Prepare today - win tomorrow!

Ever wished you had a crystal ball to see what the future holds? Today, we live in such a fast changing, turbulent world that predicting the future is almost impossible. However, a new report by Amadeus, “Online Travel 2020 – Evolve, Expand or Expire", gives an insight as to what the future may bring to the travel industry. Two clues – like it or not, digital is here to stay; and travellers are looking for a one-stop shop that meets all their travel needs.  

The report revolves around the question: “What should travel players be doing today to prepare for the different scenarios unfolding before us?” Four key trends (or scenarios) emerged from the research:

The rise of Mega Online Travel Retailers

Until recently, Online Travel Agencies (OTAs) and metasearch companies lived separate, but complementary lives, working together but competing for the same customers. Now, they are converging – and to a powerful effect. This marks a shift in business strategy and opens up new commercial opportunities – for example, traffic monetisation and online advertising - for OTAs which are very dependent on search engine marketing (SEM) and need to optimise their costs.

OTAs are exploring the advertising market and even buying their own marketing channels. Take Expedia’s acquisition of metasearch company Trivago as just one example. The OTAs are creating huge entities called Online Travel Retailers (OTRs) where customers can search, book and pay in one place. As the average traveller searches nearly 50 times online, makes 38 site visits and does not always have a particular destination in mind when he/she starts looking this gives OTAs the opportunity to take advertising business from competitors.

 

Introducing Digital Tour Operators

Traditional tour operators and OTAs are becoming Digital Tour Operators, providing digital and human interaction, combined with convenience and speed.Although a Digital Tour Operator has not yet appeared on the high street, the chances of this happening in the future are high, according to the report. It imagines a scenario where Digital Tour Operators will have a cool concept brick and mortar store (think Apple Stores) where customers will be attended by engaging, trained agents – a ‘Travel Mate’ – using the latest technology.

After the customer leaves the store, they will continue to engage with their ‘Travel Mate’ via an App while travelling – for example, follow their blog and, if they have a problem with a flight, they can contact the agent, or, the agent can proactively contact them offering an alternative if a flight is delayed or cancelled.

This new type of ‘Travel Mate’ will also be able to cross-sell at the destination, suggesting where to go or what to see, putting customers in direct contact with potential service providers at the destination. 

The challenge for tour operators will be how they can stand out on all fronts – be visible on the high street, inspire on their website, be active and engaging in social media and sharp on their ads. Hence, they are upgrading their technology and changing their way of working.

 

The rise of more sophisticated Mobile Travel Retailers

By 2020, there will be around 6.1 billion smartphone subscriptions worldwide, according to TechCrunch.com. This means mobile-first design will be essential. OTAs and airlines are already rethinking their mobile strategy. One good example is Indian online travel company Cleartrip which already gets 53% of its traffic through mobile; 70% of its mobile customers use mobile devices only for their transactions.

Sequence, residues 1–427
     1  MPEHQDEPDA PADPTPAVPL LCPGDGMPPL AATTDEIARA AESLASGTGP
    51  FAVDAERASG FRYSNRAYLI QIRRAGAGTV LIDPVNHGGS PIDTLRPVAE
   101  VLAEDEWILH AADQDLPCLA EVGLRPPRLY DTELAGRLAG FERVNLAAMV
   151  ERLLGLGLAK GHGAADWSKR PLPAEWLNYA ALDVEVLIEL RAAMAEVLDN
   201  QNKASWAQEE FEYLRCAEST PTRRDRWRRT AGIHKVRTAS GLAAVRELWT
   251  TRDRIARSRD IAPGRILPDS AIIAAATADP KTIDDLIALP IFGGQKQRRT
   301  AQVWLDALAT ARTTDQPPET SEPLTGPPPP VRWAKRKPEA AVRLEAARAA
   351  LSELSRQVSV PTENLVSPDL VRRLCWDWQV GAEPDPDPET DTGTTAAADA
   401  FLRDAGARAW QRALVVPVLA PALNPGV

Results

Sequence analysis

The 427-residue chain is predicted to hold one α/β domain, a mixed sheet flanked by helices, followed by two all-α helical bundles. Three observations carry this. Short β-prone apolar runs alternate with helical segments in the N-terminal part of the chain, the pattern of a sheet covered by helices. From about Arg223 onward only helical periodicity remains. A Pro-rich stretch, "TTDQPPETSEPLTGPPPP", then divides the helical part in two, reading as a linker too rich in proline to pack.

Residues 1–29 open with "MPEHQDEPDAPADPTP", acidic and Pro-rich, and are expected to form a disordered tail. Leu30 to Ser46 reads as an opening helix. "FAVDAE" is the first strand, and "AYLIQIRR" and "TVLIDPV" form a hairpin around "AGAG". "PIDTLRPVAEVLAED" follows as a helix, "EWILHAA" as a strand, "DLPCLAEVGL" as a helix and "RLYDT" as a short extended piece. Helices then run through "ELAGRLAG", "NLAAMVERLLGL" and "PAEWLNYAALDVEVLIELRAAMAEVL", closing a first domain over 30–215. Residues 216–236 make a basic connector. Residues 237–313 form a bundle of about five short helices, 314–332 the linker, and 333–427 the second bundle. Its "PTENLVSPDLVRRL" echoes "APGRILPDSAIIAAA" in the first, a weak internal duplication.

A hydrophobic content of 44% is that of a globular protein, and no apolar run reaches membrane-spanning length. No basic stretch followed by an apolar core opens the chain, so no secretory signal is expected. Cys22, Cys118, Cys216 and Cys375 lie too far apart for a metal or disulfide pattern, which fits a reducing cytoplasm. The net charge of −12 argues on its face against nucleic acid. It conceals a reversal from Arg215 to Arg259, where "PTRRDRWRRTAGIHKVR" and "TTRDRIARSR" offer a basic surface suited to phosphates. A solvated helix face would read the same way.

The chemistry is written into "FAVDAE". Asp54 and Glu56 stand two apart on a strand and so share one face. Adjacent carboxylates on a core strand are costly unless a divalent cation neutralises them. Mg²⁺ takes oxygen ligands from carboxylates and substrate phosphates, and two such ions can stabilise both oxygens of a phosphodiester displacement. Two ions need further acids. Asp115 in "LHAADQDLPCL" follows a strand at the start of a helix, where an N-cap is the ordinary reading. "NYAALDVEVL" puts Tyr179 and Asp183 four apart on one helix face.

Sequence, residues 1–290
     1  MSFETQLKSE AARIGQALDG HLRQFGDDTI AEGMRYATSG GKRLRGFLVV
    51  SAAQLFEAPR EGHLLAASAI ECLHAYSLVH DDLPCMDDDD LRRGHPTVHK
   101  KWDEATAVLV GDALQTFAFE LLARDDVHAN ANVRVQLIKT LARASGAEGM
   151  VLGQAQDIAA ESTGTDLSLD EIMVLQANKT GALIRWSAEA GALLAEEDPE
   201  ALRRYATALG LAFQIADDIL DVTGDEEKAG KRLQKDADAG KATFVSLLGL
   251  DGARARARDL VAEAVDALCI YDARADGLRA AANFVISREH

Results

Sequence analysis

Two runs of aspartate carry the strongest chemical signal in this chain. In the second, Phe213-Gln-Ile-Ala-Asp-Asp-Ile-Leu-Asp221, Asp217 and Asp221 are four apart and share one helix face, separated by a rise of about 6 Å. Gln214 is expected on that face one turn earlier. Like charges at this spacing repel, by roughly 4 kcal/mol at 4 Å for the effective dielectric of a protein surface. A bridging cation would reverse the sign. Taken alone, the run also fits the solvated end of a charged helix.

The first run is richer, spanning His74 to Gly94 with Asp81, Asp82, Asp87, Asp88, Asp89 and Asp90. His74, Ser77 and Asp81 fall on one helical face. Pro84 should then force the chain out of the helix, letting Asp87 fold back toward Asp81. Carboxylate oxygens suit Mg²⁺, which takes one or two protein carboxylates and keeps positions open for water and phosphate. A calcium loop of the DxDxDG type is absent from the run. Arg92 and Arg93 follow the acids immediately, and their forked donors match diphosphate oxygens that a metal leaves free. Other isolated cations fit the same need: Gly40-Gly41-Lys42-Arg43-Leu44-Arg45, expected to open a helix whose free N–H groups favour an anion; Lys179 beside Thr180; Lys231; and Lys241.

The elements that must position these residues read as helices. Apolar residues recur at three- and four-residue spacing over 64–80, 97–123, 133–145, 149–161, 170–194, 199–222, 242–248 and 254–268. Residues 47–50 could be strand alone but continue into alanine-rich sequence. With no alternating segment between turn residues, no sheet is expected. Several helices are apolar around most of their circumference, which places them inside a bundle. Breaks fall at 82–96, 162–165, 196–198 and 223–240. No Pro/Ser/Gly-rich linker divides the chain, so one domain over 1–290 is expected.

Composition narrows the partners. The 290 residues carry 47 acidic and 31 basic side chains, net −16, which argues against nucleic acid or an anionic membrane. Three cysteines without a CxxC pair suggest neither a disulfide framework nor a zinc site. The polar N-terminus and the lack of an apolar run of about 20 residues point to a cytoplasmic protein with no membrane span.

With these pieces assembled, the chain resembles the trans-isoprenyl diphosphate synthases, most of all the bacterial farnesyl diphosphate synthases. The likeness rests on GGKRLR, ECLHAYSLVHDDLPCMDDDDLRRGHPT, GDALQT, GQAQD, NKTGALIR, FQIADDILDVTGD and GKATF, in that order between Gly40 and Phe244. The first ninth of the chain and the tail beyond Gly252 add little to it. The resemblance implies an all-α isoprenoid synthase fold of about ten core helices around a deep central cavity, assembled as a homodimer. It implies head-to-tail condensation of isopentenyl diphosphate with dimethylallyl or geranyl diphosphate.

Imagine a mobile travel retailer with an addictive App, accompanying a traveller throughout his/her journey. The retailer would be able to connect with the traveller from the moment the booking is made until he/she returns home and would inspire and service the traveller for the next trip. App users would likely stick to the same apps and be more loyal. OTAs would need to find alternative ways to advertise on mobile channels. By pushing relevant notifications at the right time in the traveller’s journey they could cross-sell and up-sell.

Mobile Travel Retailers would be characterised by having new ways of search and engagement to inspire customers – like voice recognition, sensors, fingerprints as well as leveraging on virtual reality etc. Chatbots would enable full booking flow, service and payment.

 

The new Travel Marketplace

A marketplace is a platform where suppliers connect with and sell directly to consumers. Amazon Prime is a good example of this, offering one-day delivery, unlimited films and TV shows, secure unlimited photo storage, early access to ‘Lightning Deals’, and more, all for a small monthly or annual fee.

It’s not hard to imagine the Travel Marketplace moving beyond travel search and booking into ‘at-destination’ services (restaurant, tours and activities) and upselling other travel services (rental equipment, insurance, etc.). Travellers will have a one-stop e-commerce platform where they can buy anything they want: the ultimate package. 

There is however, a downside for suppliers. They risk losing their relationship with the customer because the Travel Marketplace will control the profile and the payment method. Suppliers who want access to customer profiles so that they can advertise, will find that they are deprived of that information. Whoever owns the Travel Marketplace will own the traveller for the entire journey.

 

 
"Many people are resistant to change. But change is inevitable and the unforeseen can, and often does, occur; we’re working in a quickly changing industry where disruptive business models are blurring the lines between players, and new emerging technologies are taking root.”

Sébastien Gibergues
Head of Online & Leisure
 Amadeus IT Group

Find out how your business can adapt to these scenarios

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